The study for the campaign #Culture2030Goal recommends in this respect that we start to work from this perspective, which implies the following:

  • Contextualising SDGs in each region and locality in accordance with the relevant social and cultural realities. Especially when we talk about good health and well-being (SDG 3), cities and communities (SDG 11), education (SDG 4) or peace, justice and strong institutions (SDG 16).
  • Considering knowledge, skills and cultural resources as assets for the transition to sustainability, especially when we talk about ‘Zero hunger’ (SDG 2), education for sustainability (SDG 4), sustainable use of resources (SDGs 6, 7, 13, 14, 15), promotion of sustainable tourism (SDG 8), the sustainable development of the rural-urban relationship (SDG 11), the adoption of sustainable consumption habits (SDG 12) or adapting to climate emergencies (SDG 13).
  • Seeing libraries, museums and cultural communities as essential services (SDG 1), as an opportunity to overcome gender differences (SDG 5) and to guarantee education that is inclusive of cultural diversity (SDG 4) or the reduction of inequalities (SDG 10).

Catalonia: a cultural laboratory for sustainability

The consideration of culture as an element of innovation, as a tool for the creation of a narrative and as a basis through which to facilitate the changes that sustainability requires should enable us here in Catalonia to identify good and bad practices present throughout the territory and to convert them into examples to be followed. We note below certain trends to be examined:

Where is culture already operating to promote sustainability in Catalonia? We have advanced towards the declaration of culture as an essential asset and a fundamental right. The task of the public administration, of the Catalan Parliament and of the institutions is significant because this declaration needs to be strengthened and reinforced so that it is not merely symbolic but is accompanied by resources and regulations for its application.

The cultural sector is defined in Catalonia by a historic instability that the 2020 pandemic has only accentuated. Despite the fact that it is a resilient sector that is used to difficulties, and that had enjoyed a period of growth and creation of employment between 2018 and 2020 [5]5 — According to the Department of Culture, in January 2020 cultural companies achieved a turnover of 45 million euros in a spectacular start to the year that exceeded the monthly average, which was between 37-40 million in turnover. , it is in reality characterised by a preponderance of small and micro-enterprises, individual work and dependence on the programming of the public sector. The impact of the lockdown and stoppage of professional activity between March 2020 and today can be seen in the statistics in the SOS Culture report of the Carulla Foundation [6]6 — Fundació Carulla, Plataforma d’Arts de Carrer & Street Arts Manifesto (2021). L’impacte de la COVID a les arts de carrer. Report on the state of the street arts. Available online. or in the CoNCA annual report.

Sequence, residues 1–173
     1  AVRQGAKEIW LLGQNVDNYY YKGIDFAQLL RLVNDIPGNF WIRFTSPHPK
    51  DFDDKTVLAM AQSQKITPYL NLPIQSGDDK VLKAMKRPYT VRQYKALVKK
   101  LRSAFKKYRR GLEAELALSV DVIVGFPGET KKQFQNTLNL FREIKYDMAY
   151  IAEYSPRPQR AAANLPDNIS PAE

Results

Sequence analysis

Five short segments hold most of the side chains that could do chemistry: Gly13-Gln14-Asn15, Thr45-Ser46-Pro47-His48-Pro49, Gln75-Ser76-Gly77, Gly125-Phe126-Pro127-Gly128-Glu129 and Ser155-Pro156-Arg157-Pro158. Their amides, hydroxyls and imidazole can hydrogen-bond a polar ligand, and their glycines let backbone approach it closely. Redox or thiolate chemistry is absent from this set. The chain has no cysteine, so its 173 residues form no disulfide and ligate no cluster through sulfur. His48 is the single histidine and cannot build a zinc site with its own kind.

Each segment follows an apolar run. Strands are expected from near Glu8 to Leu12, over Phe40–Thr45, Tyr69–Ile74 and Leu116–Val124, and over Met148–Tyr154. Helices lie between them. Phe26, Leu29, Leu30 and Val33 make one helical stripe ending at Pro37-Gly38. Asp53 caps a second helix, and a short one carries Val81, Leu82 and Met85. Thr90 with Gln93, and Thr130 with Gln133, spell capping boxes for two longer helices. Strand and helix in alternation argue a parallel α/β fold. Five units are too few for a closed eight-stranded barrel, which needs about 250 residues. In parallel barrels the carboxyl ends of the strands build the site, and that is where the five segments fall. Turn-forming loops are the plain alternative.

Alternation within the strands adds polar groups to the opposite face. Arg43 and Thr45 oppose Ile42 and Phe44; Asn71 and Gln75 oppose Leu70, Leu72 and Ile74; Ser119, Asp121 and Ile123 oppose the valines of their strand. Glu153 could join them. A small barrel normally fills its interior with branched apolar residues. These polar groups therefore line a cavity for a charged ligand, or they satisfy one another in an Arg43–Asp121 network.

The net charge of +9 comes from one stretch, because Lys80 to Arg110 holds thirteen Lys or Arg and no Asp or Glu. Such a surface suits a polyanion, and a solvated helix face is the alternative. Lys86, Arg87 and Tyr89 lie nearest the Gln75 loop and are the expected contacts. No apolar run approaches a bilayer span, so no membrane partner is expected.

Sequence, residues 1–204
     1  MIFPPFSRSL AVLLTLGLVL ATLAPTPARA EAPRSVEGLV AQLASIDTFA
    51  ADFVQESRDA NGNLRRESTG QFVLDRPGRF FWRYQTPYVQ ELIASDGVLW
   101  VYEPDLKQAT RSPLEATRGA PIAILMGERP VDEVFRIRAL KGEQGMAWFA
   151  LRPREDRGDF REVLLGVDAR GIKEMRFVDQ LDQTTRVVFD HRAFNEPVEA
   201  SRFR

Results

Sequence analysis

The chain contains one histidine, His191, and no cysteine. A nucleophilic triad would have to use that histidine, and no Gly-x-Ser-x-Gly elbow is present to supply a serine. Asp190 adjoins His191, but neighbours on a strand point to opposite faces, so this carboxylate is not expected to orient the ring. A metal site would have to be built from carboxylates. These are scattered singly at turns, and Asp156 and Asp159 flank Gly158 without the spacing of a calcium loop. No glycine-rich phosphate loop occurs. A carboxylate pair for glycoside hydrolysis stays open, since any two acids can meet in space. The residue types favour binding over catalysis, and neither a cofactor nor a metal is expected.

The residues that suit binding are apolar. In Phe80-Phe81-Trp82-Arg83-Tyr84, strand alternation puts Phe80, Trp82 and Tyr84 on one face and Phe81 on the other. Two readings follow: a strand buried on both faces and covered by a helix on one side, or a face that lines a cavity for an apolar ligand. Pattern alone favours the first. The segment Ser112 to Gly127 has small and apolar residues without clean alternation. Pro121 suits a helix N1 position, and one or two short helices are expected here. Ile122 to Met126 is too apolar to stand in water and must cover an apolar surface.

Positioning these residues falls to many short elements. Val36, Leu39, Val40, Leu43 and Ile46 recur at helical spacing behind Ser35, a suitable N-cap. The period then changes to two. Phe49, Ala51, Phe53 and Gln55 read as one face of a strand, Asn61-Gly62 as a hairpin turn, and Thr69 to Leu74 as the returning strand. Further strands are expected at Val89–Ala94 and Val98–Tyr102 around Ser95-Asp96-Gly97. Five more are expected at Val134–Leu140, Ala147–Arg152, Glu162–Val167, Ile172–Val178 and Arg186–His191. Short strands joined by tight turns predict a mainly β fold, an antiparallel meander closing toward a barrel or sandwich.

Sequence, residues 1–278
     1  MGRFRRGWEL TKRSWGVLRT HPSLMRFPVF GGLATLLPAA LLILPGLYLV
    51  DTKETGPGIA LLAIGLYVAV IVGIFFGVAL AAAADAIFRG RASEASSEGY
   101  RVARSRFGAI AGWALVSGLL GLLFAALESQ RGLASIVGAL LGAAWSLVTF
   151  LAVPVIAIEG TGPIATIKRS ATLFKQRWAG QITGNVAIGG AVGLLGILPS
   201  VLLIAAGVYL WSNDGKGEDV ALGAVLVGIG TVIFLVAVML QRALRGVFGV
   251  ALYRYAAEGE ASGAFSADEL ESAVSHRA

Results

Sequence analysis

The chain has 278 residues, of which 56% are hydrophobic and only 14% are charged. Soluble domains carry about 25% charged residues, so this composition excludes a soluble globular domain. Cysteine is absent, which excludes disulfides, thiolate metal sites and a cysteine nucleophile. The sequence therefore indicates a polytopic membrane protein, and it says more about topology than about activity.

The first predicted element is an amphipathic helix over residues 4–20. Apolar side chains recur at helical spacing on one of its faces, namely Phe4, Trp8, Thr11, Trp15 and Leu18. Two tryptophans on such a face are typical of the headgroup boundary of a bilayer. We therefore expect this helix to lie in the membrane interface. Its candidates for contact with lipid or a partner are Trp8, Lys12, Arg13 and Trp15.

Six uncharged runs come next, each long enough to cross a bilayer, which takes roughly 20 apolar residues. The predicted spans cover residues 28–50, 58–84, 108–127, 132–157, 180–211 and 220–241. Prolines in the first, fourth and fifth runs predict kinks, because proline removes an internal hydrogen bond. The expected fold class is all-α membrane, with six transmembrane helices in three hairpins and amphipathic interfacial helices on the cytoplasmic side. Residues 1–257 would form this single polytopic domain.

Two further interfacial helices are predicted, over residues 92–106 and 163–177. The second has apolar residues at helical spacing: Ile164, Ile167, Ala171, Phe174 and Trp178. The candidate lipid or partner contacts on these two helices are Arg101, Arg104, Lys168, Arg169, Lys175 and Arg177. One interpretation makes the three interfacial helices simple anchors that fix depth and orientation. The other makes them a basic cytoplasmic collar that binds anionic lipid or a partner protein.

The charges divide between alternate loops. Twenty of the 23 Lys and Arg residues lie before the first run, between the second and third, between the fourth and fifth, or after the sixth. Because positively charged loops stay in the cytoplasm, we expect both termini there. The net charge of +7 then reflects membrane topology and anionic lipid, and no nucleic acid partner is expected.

At the start of the first lockdown, a total of 4,816 cultural firms had recourse to a furlough scheme with a total of 43,927 jobs affected. By early July, these figures had increased significantly, registering 5,888 firms and 52,997 jobs in furlough. These statistics indicate that once the lockdown had finished the cultural sector continues to have extreme difficulties for returning to normality. (CoNCA 2019 pp 60).

Despite it was precisely in the context of lockdown that we became aware of the central role that music, drawing, poetry, dance, cooking, the cinema and video-games have in our lives among other artistic and cultural expressions. The artistic world has placed itself more than ever before at the service of the citizens and has been recognised as an essential asset by the Government of Catalonia.

It is for this reason that the Catalan Government has agreed to declare culture as an asset that is essential for the full development of the individual and collective personality, and which, without prejudice to other rights, needs to be preserved and encouraged [7]7 — “El Govern declara la cultura bé essencial”. Article published on the gencat.cat website on September 22, 2020. Available online. .